Gregory Jaquet thought his problems were everyone else’s fault but his own. He didn’t need therapy. Why would he?
She told me : we should look for help, something is wrong in our relationship and we can’t solve it.
She was right. I knew and I told her. But we didn’t do anything at that time. The fear of a complicated explanation in front of a shrink helped us take some small steps and solved some of the big issues for some weeks. But they all came back.
I know she’s the girl of my life. No one’s like her. We share everything and I deeply love her. But I can’t stand some of her behaviors anymore. I feel like she’s judging me all the time. She keeps on mentioning things I’ve done or not, stuff I should have said or not said.
I feel sadness more often than not, I feel drowned by details of our everyday life and I even feel scared by the day to come when I wake up. But I believe that’s her fault, she’s got to change. I make every effort and do not receive any improvement.
We talked about asking for help a second time. And we didn’t.
Then a very good friend came to spend some days with us. She said to my wife: what’s wrong with Greg? He’s not the man I used to know anymore. He panics and closes himself for pointless details and you seem to panic after him.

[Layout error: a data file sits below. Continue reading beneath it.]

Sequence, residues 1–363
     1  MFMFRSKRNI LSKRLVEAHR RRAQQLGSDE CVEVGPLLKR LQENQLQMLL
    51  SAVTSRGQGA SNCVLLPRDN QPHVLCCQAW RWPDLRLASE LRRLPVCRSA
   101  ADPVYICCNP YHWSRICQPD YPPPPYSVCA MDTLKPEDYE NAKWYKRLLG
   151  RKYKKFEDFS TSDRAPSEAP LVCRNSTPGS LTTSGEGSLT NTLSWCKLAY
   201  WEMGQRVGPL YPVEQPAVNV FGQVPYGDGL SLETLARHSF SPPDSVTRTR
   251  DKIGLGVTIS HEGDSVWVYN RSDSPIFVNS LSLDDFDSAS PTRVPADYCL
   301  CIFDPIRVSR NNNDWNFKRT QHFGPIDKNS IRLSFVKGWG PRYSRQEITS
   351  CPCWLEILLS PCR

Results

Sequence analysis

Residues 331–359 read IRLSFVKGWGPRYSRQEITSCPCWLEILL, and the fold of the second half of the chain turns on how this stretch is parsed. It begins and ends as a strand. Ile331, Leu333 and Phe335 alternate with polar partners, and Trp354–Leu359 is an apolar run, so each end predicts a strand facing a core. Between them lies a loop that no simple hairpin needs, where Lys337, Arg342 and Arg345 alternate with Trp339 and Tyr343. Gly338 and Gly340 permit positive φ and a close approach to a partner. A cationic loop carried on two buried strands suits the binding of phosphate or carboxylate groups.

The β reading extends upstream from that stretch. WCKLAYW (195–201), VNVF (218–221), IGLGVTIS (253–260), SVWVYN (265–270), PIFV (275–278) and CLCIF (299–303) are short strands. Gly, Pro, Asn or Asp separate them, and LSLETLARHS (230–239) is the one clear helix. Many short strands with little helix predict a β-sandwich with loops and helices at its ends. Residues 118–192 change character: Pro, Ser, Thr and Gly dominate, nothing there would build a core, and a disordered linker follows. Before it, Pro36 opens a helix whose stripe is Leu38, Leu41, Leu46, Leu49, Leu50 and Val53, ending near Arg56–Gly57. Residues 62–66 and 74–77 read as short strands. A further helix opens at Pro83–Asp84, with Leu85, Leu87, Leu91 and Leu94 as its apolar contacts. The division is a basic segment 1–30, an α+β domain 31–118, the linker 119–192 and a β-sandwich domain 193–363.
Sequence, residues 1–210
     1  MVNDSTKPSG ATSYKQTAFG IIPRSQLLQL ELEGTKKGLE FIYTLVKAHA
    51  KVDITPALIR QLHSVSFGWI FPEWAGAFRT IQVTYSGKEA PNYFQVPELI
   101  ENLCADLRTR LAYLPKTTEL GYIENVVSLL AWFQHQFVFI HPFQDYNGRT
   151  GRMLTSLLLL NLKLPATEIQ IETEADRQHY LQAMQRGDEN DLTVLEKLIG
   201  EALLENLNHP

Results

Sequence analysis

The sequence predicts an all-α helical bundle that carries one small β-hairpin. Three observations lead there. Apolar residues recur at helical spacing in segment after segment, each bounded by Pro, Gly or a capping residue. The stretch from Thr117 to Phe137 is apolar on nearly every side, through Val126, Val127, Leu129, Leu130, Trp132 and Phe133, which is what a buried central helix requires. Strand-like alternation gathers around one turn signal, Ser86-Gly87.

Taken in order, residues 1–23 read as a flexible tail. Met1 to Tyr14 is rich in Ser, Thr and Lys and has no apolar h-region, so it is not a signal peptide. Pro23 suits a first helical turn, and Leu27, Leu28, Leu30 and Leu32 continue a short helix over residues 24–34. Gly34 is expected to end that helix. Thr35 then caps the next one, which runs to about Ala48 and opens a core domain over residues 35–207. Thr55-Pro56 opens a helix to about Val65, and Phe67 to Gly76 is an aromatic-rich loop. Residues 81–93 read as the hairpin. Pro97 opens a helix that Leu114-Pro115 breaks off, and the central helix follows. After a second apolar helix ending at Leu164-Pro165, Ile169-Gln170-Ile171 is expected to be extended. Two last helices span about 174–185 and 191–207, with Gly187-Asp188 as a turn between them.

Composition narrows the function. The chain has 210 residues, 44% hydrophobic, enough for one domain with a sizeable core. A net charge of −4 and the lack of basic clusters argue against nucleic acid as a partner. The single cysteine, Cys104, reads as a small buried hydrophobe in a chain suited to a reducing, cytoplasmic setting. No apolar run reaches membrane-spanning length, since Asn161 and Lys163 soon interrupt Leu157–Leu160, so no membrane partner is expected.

I don’t know she said. And then she cried. It’s been that hard for a month, I can’t stand it anymore. There are times when everything seems to be perfect, but he is drowning like that once a day and he makes me feel guilty for his sadness. She explained it all. Our friend told her that depression might be on my way.
That was a relief for my wife. And she told me about that conversation in our next argument, the following night. Here was a choice: I could mock it, ignore it and tell what I felt—that my wife and her friend know nothing. Or accept that truth: that my wife and her friend are two people, they know me more than anyone, they share the same opinion, I might be wrong. I did accept it.
Three days later, I entered that shrink’s office with a mix of pride to have made that step so many men refuse to make and fear to experience a never ending pointless talk about my childhood. Before entering, some things had already changed of course. Accepting I was the one with the problem, understanding that problem might be only partly my fault and hearing there could be a solution to it helped me a lot. I was seeing how a lot of bad feelings could be chased away if I started my own path of a cure of something called depression.